|Stem-loop silencing reveals that a third mitochondrial DNA polymerase, POLID, is required for kinetoplast DNA replication in trypanosomes.
|Year of Publication
|Chandler J, Vandoros AV, Mozeleski B, Klingbeil MM
|Animals, DNA Replication, DNA, Kinetoplast, DNA-Directed DNA Polymerase, Mitochondria, Mitochondrial Proteins, Protozoan Proteins, RNA Interference, RNA, Double-Stranded, Trypanosoma brucei brucei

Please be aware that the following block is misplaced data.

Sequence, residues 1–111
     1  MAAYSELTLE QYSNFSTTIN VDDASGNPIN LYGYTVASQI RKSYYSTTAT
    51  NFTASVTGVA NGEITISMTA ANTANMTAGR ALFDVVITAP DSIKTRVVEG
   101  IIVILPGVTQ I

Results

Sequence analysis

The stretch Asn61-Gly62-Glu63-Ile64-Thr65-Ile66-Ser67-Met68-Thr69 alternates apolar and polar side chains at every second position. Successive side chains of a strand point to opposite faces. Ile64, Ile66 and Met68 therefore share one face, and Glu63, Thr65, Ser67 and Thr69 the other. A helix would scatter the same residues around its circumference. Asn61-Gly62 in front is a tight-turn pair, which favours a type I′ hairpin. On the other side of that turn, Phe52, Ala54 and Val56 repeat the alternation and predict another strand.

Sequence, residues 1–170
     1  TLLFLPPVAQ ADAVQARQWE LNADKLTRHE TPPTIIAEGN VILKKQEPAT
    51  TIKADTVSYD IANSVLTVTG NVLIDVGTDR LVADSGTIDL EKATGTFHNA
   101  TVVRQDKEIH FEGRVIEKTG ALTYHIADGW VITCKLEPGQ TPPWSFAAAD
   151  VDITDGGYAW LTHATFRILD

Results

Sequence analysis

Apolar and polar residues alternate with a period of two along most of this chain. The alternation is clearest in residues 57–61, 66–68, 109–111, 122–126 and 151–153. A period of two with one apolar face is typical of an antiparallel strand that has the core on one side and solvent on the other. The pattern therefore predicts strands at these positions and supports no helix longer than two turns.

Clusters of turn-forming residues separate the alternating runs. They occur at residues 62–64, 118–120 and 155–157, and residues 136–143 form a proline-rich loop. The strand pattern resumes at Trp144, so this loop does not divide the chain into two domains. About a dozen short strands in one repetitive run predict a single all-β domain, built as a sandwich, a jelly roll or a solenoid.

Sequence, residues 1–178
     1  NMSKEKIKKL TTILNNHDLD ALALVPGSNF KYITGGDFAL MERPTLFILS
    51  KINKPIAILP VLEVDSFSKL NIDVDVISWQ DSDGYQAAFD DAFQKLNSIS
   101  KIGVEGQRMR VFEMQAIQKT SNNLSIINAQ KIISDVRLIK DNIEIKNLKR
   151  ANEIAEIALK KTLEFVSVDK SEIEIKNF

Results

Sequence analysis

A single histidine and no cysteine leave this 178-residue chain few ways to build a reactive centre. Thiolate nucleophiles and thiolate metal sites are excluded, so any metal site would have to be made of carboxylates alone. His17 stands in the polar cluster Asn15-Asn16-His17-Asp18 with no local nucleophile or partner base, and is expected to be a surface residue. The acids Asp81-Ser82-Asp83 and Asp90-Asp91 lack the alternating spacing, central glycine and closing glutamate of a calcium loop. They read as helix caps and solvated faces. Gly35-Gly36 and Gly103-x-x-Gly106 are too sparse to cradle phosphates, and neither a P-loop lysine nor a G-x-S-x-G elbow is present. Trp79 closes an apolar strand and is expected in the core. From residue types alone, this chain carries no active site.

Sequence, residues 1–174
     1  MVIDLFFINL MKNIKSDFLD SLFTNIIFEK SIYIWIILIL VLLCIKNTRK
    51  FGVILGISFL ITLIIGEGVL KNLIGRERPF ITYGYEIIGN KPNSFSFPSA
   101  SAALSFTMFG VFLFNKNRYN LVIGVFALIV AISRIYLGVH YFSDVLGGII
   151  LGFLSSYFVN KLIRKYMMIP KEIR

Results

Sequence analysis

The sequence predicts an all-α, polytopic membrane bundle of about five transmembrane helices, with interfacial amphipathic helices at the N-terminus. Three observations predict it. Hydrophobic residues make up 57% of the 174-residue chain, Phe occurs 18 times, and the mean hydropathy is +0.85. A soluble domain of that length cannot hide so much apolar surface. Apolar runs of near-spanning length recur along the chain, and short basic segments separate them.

Kinetoplast DNA (kDNA), the mitochondrial genome of trypanosomes, is a catenated network containing thousands of minicircles and tens of maxicircles. The topological complexity dictates some unusual features including a topoisomerase-mediated release-and-reattachment mechanism for minicircle replication and at least six mitochondrial DNA polymerases (Pols) for kDNA transactions. Previously, we identified four family A DNA Pols from Trypanosoma brucei with similarity to bacterial DNA Pol I and demonstrated that two (POLIB and POLIC) were essential for maintaining the kDNA network, while POLIA was not. Here, we used RNA interference to investigate the function of POLID in procyclic T. brucei. Stem-loop silencing of POLID resulted in growth arrest and the progressive loss of the kDNA network. Additional defects in kDNA replication included a rapid decline in minicircle and maxicircle abundance and a transient accumulation of minicircle replication intermediates before loss of the kDNA network. These results demonstrate that POLID is a third essential DNA Pol required for kDNA replication. While other eukaryotes utilize a single DNA Pol (Pol gamma) for replication of mitochondrial DNA, T. brucei requires at least three to maintain the complex kDNA network.